https://www.flickr.com/photos/micaeltattoo/3948598230
http://img09.deviantart.net/3452/i/2013/217/c/8/third_session_of_the_koy_fish_tattoo_by_flaviudraghis-d6gt82a.jpg

Pond Kit

We Love A Good Koi Pond Kit!

Koi Pond At HomeLife can be hectic and when life gets that way people start dreaming of vacations and other escapes. Unfortunately, it’s not always possible to get time off from work or have the funds available to take a trip. Thankfully, a good koi pond kit will you don’t have to worry about time off or saving up for a vacation when you have a yard or garden space. You can take advantage of your space by incorporating things that will create a sanctuary or tranquil relaxation space in your yard. One way to accomplish your goal would be to build a Koi pond near a seating area beneath a tree. You can create a spot where you could spend your weekends listening to the soothing sound of water while you relax.

Planning and building a Koi pond isn’t as difficult as you may think. Many retailers today even provide you with a kit that has everything that you need to create a pond already included. Some manufacturers even have kits that include the Koi! Most of the kits available to the general public have been created so that the average Do-It-Yourselfer can handle the installation in a weekend. There are pond kits that contain a preformed pond, like those sold by Beckett, and those are great if you don’t mind sticking to a prearranged design. If, on the other hand, you want to get the creative juices flowing and design your own pond then you’ll want to get a kit that has a PVC liner instead of the preform Pond from companies like Sunterra or Aquascape.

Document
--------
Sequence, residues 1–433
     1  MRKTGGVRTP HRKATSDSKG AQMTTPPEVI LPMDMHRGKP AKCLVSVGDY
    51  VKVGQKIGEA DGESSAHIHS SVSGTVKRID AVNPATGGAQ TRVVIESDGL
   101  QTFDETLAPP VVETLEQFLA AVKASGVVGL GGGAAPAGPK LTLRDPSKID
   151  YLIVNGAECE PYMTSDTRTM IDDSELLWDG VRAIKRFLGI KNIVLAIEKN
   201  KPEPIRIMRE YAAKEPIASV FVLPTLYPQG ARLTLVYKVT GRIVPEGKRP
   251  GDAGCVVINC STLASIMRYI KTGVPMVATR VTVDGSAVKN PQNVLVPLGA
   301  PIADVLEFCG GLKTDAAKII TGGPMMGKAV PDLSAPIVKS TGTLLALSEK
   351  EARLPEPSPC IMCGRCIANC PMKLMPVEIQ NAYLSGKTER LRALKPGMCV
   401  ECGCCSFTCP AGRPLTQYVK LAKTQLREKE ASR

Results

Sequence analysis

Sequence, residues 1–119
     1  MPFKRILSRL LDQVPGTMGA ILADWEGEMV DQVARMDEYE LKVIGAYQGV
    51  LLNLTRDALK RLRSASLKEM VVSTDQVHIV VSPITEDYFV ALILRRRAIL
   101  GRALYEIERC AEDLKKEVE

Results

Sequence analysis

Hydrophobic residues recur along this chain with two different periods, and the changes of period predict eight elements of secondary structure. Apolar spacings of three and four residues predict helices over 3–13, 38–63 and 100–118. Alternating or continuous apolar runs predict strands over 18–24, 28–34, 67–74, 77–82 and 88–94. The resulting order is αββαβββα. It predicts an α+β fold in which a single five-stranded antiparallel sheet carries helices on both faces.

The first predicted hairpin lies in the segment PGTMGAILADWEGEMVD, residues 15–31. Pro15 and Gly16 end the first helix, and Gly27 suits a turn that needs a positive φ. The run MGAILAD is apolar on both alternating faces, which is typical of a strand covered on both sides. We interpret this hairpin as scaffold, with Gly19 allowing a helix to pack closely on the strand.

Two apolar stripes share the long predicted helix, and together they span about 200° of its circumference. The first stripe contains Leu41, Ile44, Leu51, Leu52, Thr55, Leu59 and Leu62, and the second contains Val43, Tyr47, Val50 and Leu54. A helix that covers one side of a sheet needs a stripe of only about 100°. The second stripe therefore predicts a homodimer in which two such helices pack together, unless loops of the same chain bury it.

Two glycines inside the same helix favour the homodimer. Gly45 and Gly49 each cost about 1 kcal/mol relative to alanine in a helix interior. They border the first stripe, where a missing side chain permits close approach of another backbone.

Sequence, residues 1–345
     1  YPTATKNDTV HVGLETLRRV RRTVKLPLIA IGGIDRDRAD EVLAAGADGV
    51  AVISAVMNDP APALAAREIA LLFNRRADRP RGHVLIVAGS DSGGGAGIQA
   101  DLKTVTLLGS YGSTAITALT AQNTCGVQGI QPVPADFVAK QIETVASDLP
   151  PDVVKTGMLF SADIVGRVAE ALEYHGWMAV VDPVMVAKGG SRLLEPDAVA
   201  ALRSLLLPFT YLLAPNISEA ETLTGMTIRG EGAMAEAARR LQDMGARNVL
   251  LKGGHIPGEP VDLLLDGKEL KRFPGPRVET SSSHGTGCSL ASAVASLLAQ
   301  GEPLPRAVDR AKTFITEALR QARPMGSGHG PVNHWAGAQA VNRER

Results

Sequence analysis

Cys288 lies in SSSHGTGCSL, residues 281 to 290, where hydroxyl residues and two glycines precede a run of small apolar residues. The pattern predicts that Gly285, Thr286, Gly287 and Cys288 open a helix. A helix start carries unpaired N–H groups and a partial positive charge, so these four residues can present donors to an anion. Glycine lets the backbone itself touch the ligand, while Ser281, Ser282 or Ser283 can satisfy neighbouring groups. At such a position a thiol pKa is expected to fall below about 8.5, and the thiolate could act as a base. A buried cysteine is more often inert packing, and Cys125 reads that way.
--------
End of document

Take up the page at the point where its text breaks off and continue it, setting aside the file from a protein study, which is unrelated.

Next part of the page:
A nice large Koi pond

When you buy a pond kit you’ll get almost everything you need to create your own pond. Complete kits include: pond liner or preformed pond, pumps, skimmers, filters, and all the tubing and connectors you’ll need. Don’t forget to get a kit that includes an aerating with the filter to make your pond more hospitable to Koi. You will have to supply a few things yourself. You’ll need tools for connecting tubing and adjusting the grade of your pond. You’ll also need a shovel unless you’re installing a large size or double pool pond. For larger ponds you may want to rent a small bobcat to help you move the dirt. You might want to dig a trench for the electrical line you’ll need to run your filter. Protecting your electrical line inside PVC piping that is then covered with dirt in the trench you created will ensure that the line won’t be disturbed later. Don’t forget to mark it on the blueprint of your home so you can find it again later.

To ensure your pond lasts a long time you’ll need gravel, sand, and ornamental rocks to help hold your liner in place. The sand goes under the liner or preform and then the gravel goes on top at the bottom of your pond to weigh down the preform or liner. Ornamental rocks can be used to hold down the edges of the liner or preform and can also be used to create a waterfall. Many people like to create a waterfall or babbling brook to feed into their ponds and help with filtration and water circulation. Another advantage to including a waterfall is that the sound of running water is soothing and will help aid in the creation of a tranquil space.